The previous weekend was the Hen Harrier Survey and whilst they had 7 birds in the Centre the West saw none!  There were teams out on Saturday (not so strormy) and a few of us did the Sunday as well.  There were Golden Plover, Lapwings, Fieldfare, Kestrels and 2 Merlin but no harriers.  None of the birds roosting in the Centre came from the West so the thought is that somewhere there is a roost on the West.  The difficulty is that there has been so much scrub clearance and gazing that there does not seem to be an area that would be the right habitat to search.  As there are no troops on the area members of the conservation group will be out looking during the break.  The only other people out will be the Deer Management team but they cannot get close to deer as so much scrub has been removed.  (I wonder if the farming HLS payments are due soon?).  As the rain lashes the windows I will not be popping out on the Plain for a last look before Christmas therfore,

Merry Christmas to my reader smile

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Cyprus Weekly

Birding Highlights for the Week Ending 15 Dec

Alexandrine Parakeet at Gulhane Park Istanbul on 15 Dec

* Indicates that a photo of the species is included please visit Flickr site to view.

On Tuesday I visited the north to get some Turkish Lira prior to the trip to Istanbul.  At Clapsides Beach, 2 Curlew, 4 Grey Plover numerous Dunlins and Kentish Plovers were of interest and at Silver Beach, 4 Golden Plovers were new.  I moved onto the Fresh Water Lake South and watched 304 Cattle Egrets come into roost.  Whilst watching I saw a lone Great White Egret, 8 Cormorants, 2 Grey Wagtails, 4 Night Herons and an adult Armenian Gull washing amongst the Black-headed Gulls but nothing very unusual.

Unseasonal poor weather across the Levant produced a rare event – an un-birdable day, very rare in Cyprus.  In any event I stayed in and packed for the trip to Istanbul.  On Thursday we flew to Istanbul arriving to snow and very cold conditions.  Throughout the visit birds were scarce save for the ubiquitous Yellow-legged* and Black-headed Gulls.  I did see 2 Sandwich Terns patrolling the Bosphorus and Cormorants and Shags were well represented with Starlings sat on the Galata Bridge.  Visiting Topkapi Palace and Gulhane Park, there were the usual common woodland species with a, what appeared to be a mixed breeding colony of Alexandrine* and Ring-necked Parakeets.  I was unaware that Alexandrine Parakeets had a breeding population in the Western Paleactic and although I have seen them elsewhere they did represent a European and WP “tick”, albeit from introduced stock.  The usual Hooded Crows*, House Sparrows* and I was surprised to see Palm (Laughing Doves)* around the city.  However in Gulhane Park, despite searching for a Syrian Woodpecker as I had heard one, I think numbers are reduced probably due to the Parakeet population taking the nest holes.  There were also nest boxes for them in the park, so their expansion will be excessive.  A couple of Common/Steppe Buzzards were over the Palace but generally birding was at a low and unfortunately shopping was at a high.  When you arrive with a 12Kg case and leave with a 17 Kg case, you can work out for yourselves what went on!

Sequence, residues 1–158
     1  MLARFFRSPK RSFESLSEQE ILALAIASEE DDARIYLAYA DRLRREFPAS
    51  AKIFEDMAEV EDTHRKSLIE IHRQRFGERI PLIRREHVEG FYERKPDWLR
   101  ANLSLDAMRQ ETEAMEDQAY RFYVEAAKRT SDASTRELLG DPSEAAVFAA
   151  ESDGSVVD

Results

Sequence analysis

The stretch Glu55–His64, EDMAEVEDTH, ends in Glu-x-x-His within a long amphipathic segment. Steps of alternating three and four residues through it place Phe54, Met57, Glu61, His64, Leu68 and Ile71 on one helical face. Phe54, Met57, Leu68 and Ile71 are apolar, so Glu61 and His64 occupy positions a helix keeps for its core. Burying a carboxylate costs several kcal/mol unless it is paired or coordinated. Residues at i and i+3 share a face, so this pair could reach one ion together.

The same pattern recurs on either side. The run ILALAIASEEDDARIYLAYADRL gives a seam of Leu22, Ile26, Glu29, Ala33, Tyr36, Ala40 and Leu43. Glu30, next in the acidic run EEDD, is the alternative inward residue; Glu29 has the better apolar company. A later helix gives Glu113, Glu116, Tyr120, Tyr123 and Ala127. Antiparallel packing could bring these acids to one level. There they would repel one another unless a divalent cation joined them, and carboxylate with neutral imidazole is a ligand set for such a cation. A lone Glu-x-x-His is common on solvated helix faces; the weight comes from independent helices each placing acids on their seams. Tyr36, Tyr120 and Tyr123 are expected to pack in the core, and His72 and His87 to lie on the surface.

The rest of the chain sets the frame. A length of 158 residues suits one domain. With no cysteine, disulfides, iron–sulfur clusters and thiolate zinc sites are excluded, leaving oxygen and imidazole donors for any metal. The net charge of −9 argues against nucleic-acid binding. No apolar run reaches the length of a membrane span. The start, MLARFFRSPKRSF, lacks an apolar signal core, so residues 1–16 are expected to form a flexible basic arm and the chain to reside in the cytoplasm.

Istanbul is a fantastic place and well worth a visit.  I plan to visit again in September to catch some raptor migration across the Bosphorus.